Compost Your Autumn Tree Leaves, Don’t Waste Them!

Every Autumn, I see piles of tree leaves waiting for the city trucks to come along and suck them up, to be carried off to the municipal compost pile. Hopefully they aren’t going to the landfill.

compost tree leaves

But if you’re a gardener, I sincerely hope that you’re saving those tree leaves for your garden. They can be used as mulch or compost and are an important source of nutrients for your soil.

According to The Rodale Book Of Composting“Leaves are a valuable compostable and mulch material. Because trees have extensive root systems, they draw nutrients up from deep within the subsoil. Much of this mineral bounty is passed into the leaves, making them a superior garden resource. Pound for pound, the leaves of most trees contain twice the mineral content of manure. The considerable fiber content of leaves aids in improving the aeration and crumb structure of most soils.”

Composted tree leaves and similar organic material are excellent for lowering the pH of alkaline soil.

To use the tree leaves as mulch, chop them up with a lawn mower or shredder (because whole leaves tend to mat together), and then leave them weather in the open air for a few months. Chopping your organic material into fine pieces helps it decay much, much faster than leaving it whole. Leave them outdoors for a few months, because leaves contain growth-inhibiting phenols that should be allowed to leach away before they’re used.

Make Leaf Mold

You can also make leaf mold, which is extremely nutritious for your plants. Leaf mold is the end product of tree leaves decomposing in a moist environment, primarily by fungi. You know the thick, dark material that grows under the fresh leaves on the forest floor? That’s leaf mold.

To make leaf mold, rake your leaves into a pile and water them down. Then let them sit for two or three years. Yes, years. It’s probably a good idea to put them in a compost bin of some sort so they won’t blow away. Turn them once in awhile to make sure that anaerobic bacteria doesn’t build up and create a putrid smell.

But the simplest thing to do with those tree leaves is to shred them and throw them into your compost pile along with high nitrogen material (leaves are very low in nitrogen and will break down very slowly). Mix the leaves with kitchen scraps, grass clippings, manure, blood meal, etc. If your garden is fallow over the winter, work them into the soil now so they’ll decompose over the winter and early spring.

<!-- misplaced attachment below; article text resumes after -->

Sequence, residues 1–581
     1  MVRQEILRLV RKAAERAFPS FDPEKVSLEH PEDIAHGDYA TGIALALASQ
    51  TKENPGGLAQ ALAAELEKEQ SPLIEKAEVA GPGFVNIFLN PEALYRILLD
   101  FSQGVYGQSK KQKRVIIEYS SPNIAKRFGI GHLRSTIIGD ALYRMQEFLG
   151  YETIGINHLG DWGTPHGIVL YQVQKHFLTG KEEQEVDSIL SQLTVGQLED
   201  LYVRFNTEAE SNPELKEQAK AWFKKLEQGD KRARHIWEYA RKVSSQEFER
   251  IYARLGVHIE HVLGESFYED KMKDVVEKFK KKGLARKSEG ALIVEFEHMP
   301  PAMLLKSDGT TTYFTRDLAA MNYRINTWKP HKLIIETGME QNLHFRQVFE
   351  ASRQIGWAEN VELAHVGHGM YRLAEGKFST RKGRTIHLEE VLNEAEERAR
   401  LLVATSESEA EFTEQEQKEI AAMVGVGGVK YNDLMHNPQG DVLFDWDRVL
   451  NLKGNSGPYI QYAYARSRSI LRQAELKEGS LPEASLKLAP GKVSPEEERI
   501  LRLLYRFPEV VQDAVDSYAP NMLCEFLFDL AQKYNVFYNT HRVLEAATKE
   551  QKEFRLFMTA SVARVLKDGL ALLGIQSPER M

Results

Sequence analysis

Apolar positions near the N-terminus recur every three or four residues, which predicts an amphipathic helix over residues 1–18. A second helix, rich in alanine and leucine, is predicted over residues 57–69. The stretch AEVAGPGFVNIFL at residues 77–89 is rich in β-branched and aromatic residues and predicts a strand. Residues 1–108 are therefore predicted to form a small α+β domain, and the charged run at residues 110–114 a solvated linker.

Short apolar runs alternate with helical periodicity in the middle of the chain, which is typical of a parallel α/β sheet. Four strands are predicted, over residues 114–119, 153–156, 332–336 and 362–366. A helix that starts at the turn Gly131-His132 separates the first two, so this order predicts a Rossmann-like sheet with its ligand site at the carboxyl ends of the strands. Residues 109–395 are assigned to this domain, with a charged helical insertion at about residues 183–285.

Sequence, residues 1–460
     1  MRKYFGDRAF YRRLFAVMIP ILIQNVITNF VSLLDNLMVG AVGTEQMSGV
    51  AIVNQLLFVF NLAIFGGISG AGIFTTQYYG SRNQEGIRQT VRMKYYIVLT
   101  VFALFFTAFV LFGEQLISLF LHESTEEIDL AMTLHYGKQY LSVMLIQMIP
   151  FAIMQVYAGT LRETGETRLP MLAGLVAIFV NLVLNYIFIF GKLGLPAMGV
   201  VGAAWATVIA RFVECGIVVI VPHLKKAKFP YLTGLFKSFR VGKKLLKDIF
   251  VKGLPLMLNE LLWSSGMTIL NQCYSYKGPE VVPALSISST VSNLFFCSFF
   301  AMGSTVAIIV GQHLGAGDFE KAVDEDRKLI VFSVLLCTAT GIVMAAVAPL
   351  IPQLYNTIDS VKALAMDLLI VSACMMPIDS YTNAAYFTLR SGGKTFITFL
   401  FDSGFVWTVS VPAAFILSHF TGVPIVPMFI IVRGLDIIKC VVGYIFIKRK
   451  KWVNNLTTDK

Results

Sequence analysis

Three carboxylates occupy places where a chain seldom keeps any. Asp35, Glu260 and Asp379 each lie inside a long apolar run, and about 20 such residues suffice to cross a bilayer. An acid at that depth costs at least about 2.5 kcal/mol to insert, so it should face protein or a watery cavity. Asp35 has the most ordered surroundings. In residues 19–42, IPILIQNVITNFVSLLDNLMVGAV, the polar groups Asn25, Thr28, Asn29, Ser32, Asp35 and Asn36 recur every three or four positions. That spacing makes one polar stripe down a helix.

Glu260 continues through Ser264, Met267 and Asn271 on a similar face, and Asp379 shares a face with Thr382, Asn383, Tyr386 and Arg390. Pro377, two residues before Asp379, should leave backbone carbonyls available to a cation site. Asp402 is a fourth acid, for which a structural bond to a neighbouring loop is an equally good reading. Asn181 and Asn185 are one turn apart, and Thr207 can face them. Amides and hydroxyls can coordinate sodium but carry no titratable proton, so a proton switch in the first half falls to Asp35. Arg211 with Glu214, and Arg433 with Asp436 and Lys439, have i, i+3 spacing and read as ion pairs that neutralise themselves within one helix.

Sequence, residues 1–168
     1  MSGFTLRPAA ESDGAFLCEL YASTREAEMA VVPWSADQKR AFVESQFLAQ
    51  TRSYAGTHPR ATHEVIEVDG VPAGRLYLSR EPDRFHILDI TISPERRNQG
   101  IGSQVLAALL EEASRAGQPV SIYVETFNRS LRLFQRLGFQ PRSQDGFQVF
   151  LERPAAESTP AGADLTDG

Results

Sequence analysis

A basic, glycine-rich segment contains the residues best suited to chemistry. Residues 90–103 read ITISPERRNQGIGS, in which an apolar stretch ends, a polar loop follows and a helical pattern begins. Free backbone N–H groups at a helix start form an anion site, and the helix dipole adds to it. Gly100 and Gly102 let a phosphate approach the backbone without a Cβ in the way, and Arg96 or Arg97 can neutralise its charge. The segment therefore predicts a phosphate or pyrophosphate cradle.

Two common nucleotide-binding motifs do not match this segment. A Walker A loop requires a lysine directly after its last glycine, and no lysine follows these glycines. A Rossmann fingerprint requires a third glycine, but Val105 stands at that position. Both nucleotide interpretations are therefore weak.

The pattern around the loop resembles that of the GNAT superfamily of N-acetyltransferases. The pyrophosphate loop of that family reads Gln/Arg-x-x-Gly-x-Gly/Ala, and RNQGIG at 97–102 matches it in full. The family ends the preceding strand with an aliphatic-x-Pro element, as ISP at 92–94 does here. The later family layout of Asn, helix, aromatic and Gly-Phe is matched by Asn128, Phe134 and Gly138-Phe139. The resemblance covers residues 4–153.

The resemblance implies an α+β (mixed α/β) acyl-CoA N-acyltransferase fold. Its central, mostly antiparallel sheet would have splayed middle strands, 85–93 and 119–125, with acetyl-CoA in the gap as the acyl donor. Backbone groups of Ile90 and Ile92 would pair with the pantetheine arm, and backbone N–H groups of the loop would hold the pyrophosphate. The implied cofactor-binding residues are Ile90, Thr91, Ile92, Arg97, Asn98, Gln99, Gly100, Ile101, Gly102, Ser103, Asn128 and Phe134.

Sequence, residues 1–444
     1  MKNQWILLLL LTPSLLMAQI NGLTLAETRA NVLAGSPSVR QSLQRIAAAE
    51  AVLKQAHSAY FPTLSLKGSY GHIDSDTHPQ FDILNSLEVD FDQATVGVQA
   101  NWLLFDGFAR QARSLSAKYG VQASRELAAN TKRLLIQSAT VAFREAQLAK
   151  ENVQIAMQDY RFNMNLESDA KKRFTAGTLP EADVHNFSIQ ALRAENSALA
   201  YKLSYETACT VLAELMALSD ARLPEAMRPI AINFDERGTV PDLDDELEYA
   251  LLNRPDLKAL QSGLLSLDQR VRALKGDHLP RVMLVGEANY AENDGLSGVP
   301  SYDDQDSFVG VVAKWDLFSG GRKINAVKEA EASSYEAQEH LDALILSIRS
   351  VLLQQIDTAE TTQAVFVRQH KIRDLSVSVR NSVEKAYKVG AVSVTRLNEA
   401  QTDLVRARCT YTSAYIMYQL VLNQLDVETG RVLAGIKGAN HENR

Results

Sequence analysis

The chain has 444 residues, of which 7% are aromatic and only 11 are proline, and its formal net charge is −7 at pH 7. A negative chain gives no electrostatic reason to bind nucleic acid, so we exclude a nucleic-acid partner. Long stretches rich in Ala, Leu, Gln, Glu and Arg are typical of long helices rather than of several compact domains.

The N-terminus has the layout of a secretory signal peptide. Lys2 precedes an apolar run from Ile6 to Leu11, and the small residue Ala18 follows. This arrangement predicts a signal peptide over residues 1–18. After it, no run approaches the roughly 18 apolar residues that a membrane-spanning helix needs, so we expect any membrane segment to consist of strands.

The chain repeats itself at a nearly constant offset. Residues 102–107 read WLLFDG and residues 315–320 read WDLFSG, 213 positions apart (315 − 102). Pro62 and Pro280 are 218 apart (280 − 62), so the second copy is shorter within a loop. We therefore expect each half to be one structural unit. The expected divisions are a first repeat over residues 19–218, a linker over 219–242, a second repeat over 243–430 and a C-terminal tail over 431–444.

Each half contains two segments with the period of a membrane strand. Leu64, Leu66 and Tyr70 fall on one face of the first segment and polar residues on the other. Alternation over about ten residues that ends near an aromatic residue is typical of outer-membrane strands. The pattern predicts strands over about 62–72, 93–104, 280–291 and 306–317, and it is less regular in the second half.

Rake ’em up and compost ’em! Don’t let those tree leaves go to waste.

About Todd Heft

Todd Heft is an organic gardener and freelance garden writer who lives in the Lehigh Valley, PA and has gardened for most of his life. When he isn’t writing or reading about organic gardening, he’s gardening. His first book, “Homegrown Tomatoes: The Step-By-Step Guide to Growing Delicious Organic Tomatoes In Your Garden” is available on Amazon now.
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6 Responses to Compost Your Autumn Tree Leaves, Don’t Waste Them!

  1. Melissa says:

    Totally. You can also put them in a trash can and then put the weed whacker in there for a minute to grind them up. Works well, but it is pretty loud!

  2. Grape Boy says:

    I like to supercharge my leaves pile by throwing any worms I dig up onto the pile. They speed up the composting and the worm castings are about the best thing going for plants.

  3. Not sure about everyone else, but I liked what you posted here.

  4. Isabella says:

    Awhile back I decided I was going to start my own compost bin and this article was very helpful as
    I was planning on using only dirt and food scraps. I was not aware of the
    benefits that leaves had twice the mineral content of manure and were
    great for lowing ph levels in alkaline soil. I followed your advice last
    fall and am very excited to make use of my compost this spring!

  5. Roel Bokashi says:

    Good idea to compost your autumn leaves. I think I’m going to do that as well.

    Thanks for the tip!

  6. Sarah says:

    That was a great description of how to compost your leaves. Very helpful!